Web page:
It’s not just mothers and health enthusiasts that can benefit from planning their meals. In this article, we’ll illustrate the perks that can be enjoyed when planning ahead, and how it can all be done in Zenkit.

Weeknight dinner plan in Zenkit

There are many reasons why people choose to plan their meals, from accommodating different dietary requirements, to optimizing time during the working week, or to prep for a special event. Whatever your reason, when done correctly, having this kind of structure can eliminate stress and allow you to truly enjoy the end result—eating.

“One cannot think well, love well, sleep well, if one has not dined well.” – Virginia Woolf

Planning your meals ahead of time can also bring along the following benefits:

  • Avoid food waste
  • Save money
  • Add more variety to your meals
  • Keep a well-balanced diet

Visualize your planning

We humans love anything that looks pretty, so displaying data visually makes all the more sense when trying to get organized.

One of Zenkit’s biggest assets is its multiple view options. The choice to view your data in various designs, such as a mind map, table, Kanban, or calendar, makes it a flexible enough system to suit any task or project.

While complying with the Kanban principles may not necessarily work for our meal planning extravaganza, its board and card system does make for a practical way to organize recipes.

Weeknight dinner ideas

Since moving out of my family home and becoming an adult, I’ve realised how much of a drag planning weeknight dinners can be (shoutout to my mother for feeding me day in, day out during childhood, adolescence, and let’s face it, much of early adulthood). After working all day, the last thing you want to think about is what to cook, and it’s this very reason why I’ve decided to implement a weeknight dinner planner into my life.

Here’s how I created it using Zenkit:

Step 1: Create a new collection, select the Kanban view option, give your planner a name—I went for the very creative ‘Weeknight Dinner Plan’. Then start adding your recipes and/or dinner ideas as items. My planner is a combination of foolproof favorites as well as new recipes I’m eager to try out.

Zenkit weeknight dinner plan categories

As you can see, I’ve divided the recipes into dietary types—pasta, vegetarian, seafood, build-your-own. Of course, you can divide your recipes up in different ways, from how they’re cooked (slow-cooker, wok, oven) to how many ingredients they require (5 or less, 1,000 or more). The choice is yours.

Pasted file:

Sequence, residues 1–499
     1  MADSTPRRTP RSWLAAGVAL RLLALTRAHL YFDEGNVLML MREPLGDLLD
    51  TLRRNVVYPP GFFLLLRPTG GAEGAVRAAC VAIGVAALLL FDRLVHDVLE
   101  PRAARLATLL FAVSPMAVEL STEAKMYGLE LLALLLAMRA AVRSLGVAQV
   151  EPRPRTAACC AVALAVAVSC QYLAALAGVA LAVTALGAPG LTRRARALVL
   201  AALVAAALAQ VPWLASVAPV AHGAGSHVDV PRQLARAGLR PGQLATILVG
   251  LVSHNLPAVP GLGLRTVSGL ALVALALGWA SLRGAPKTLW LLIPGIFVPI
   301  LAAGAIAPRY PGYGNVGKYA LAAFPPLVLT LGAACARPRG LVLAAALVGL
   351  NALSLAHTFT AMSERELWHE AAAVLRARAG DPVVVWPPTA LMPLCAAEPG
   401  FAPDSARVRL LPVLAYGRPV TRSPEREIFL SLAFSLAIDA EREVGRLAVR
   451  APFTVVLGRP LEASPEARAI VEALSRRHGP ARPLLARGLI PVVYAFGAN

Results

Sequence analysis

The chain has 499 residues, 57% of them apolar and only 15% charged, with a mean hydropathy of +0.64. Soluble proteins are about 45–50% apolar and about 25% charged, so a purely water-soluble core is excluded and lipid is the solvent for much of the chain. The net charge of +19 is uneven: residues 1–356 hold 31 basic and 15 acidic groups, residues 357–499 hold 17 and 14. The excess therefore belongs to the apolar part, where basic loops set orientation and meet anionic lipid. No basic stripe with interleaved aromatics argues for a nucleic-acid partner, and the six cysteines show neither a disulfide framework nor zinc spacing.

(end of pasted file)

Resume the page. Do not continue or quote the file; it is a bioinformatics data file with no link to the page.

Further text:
Step 2: For those who are avid readers of my how-to’s (it’s never too late to start folks), you will know how much I rave on about Zenkit’s custom fields. And for very good reason!

Custom fields can not only bring function and formality to your items, but also context. Use the 11 options on offer to include all kinds of extra information that could help you with your planning.

For instance, the following are fields I implemented onto my planner which I felt would help me organize:

  • A label field to determine which day of the week I allocate a recipe to.
  • A file field to upload an image of the meal #inspo (whether or not it turns out looking the same is another story).
  • A link field to include the websites where I sourced the recipes from.
  • Or alternatively, a checklist feature already included in each item can be used to manually write out the ingredients and method. (You can cut and paste this directly from the website.)
How custom fields work on a Zenkit meal planner
You can view your meal planner for the week by clicking the drop down arrow next to the Kanban option, under ‘horizontal grouping’.

Adding a custom field is super easy. Simply click on an item, and then a panel will appear on the right-hand side or a box will appear in the center of the page. This is where you can add all the extra information by adding new fields or renaming and change default ones.